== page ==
Check out this example:


A post shared by The Cat Named Carrot (@the_cat_named_carrot) on


Create Well Balanced Meals

For breakfast, lunch, and dinner, do your best to create full well-balanced meals.  Children are likely to remain full for longer and feel satisfied after a well-balanced meal.  Even if you have picky eaters do your best to provide food from all food groups to help present well balanced plates.  Proteins and fats are the best option for keeping children full for longer periods of time. Try not to reserve certain foods only for snacks, if they are “special” snacks they may request them more frequently throughout the day.  If snacks are just mini-meals they might not feel as enticing, but they also will help keep them full until the next meal time.

Brenda Zane, a Mayo Clinic Certified Health and Wellness Coach states that "If your kids want snacks all day it might mean they're eating too many "empty" calorie snacks (i.e. fruit snacks, juice, chips) which then leave them hungry again an hour later. If you're working toward just a couple of snacks during the day the key is to sneak in fiber and protein. That will keep them full longer and won't give them up and down moods from blood sugar fluctuations. Some simple ideas would be a good, old-fashioned standby like peanut butter on celery,  a hearty trail mix (with less chocolate chips and more nuts!), roasted chickpeas (so many fun flavor combos to create!) or some chia pudding."

Here is an example from a mom on Instagram:


A post shared by OC Mom Blog - Brittany (@thecoolhipmom) on


Provide Enough Activities to Stay Busy

Are you a bored eater? I sure am!  Which means many kids likely are too. When kids aren’t sure what to do with themselves it’s easy to wind up in the kitchen looking for another thing to eat, even when they don’t feel hungry.  By providing enough activities to keep your children busy, they will likely be engaged and not realize how quickly time passes.  Remember to keep a routine so that they have a snack or meal time provided before too much time has passed, but stay flexible, it’s not worth breaking up engaging play or learning time for a snack break if your child truly doesn’t need it.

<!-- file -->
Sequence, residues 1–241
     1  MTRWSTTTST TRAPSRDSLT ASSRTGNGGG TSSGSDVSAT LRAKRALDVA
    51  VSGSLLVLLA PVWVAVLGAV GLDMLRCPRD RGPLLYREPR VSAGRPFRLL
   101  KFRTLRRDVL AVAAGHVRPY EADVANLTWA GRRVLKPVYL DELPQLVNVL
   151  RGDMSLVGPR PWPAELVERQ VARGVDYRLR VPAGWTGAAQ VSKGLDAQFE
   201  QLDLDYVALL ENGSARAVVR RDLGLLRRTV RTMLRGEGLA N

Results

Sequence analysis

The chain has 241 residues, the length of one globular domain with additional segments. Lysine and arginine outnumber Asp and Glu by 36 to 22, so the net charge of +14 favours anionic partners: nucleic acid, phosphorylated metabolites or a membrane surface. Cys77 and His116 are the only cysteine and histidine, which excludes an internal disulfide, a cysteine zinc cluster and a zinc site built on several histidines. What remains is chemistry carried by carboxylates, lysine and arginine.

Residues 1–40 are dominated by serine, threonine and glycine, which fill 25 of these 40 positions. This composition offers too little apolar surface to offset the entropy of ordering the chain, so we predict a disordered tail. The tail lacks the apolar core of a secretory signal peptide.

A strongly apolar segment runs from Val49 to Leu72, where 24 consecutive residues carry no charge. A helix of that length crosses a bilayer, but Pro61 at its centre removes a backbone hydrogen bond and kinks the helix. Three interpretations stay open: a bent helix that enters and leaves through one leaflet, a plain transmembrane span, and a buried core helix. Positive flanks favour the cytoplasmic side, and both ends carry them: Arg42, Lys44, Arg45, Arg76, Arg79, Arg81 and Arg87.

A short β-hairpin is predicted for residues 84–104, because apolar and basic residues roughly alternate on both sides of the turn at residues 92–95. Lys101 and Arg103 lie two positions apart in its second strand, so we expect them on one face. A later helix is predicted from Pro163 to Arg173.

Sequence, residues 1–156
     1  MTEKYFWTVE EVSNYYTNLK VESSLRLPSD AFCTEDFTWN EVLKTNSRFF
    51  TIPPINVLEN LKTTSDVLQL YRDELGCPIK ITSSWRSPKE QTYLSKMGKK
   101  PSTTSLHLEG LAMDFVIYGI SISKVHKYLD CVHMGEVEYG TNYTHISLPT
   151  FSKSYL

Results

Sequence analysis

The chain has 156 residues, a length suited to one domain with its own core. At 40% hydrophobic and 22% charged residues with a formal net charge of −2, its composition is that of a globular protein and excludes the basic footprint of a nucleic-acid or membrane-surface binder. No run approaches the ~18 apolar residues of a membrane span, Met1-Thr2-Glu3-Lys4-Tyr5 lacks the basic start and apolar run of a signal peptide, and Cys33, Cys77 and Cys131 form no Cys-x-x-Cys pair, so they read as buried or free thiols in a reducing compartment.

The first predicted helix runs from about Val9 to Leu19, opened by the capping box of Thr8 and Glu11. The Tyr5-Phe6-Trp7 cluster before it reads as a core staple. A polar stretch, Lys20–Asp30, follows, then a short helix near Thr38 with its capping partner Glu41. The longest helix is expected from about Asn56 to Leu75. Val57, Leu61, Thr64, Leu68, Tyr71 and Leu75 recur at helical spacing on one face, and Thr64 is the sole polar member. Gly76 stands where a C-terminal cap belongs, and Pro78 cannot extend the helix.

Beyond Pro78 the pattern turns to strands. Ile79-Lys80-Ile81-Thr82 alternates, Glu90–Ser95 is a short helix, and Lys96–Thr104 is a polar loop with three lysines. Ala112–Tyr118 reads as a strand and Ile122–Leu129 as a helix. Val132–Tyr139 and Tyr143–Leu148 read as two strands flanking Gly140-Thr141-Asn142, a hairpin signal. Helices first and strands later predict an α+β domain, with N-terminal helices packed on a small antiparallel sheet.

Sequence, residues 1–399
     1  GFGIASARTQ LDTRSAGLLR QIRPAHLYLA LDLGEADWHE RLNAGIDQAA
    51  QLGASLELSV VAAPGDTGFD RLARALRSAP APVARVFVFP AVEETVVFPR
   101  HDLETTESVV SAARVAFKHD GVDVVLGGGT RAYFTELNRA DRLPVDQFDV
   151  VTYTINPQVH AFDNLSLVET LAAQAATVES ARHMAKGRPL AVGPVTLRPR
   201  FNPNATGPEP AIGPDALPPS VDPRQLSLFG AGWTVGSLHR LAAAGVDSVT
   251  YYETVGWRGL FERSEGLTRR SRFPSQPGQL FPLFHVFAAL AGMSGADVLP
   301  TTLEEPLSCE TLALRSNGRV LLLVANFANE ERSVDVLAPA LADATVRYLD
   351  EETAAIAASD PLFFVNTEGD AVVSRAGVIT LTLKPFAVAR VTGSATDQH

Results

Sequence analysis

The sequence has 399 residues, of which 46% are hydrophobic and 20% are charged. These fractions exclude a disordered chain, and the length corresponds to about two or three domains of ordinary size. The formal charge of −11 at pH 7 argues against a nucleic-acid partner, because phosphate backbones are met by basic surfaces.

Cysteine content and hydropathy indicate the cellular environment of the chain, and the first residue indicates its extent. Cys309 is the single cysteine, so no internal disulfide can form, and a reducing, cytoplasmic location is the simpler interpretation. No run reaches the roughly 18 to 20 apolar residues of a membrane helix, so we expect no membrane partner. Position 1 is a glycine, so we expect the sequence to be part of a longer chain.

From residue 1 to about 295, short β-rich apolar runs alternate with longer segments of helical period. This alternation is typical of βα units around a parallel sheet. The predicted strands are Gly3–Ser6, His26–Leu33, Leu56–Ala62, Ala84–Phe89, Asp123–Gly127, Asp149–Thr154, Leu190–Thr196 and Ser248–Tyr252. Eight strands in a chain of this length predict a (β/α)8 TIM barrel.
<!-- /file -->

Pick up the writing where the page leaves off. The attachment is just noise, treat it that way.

Stay Hydrated

Dehydration can present itself as hunger.  Make sure to offer your children water throughout the day to make sure they are staying hydrated. If they come to you for a snack, offer them a glass of water first, they may find that after a good drink they aren’t feeling as hungry any more.  If you stay on top of water consumption, especially if your children are spending a big portion of their day outside playing in the sun, dehydration is less likely to occur. Children are less likely to recognize that what they perceive to be hunger is really just their body needing water.

Looking for ways to keep the kids busy and learning during social distancing? Sign up for the Prepared Parent, a daily newsletter filled with everything to help mom and dad in their roles as teacher-parents.

Jennifer Caffelle

About Jennifer

Jennifer is currently working for a US-wide health care system, and has worked… Read more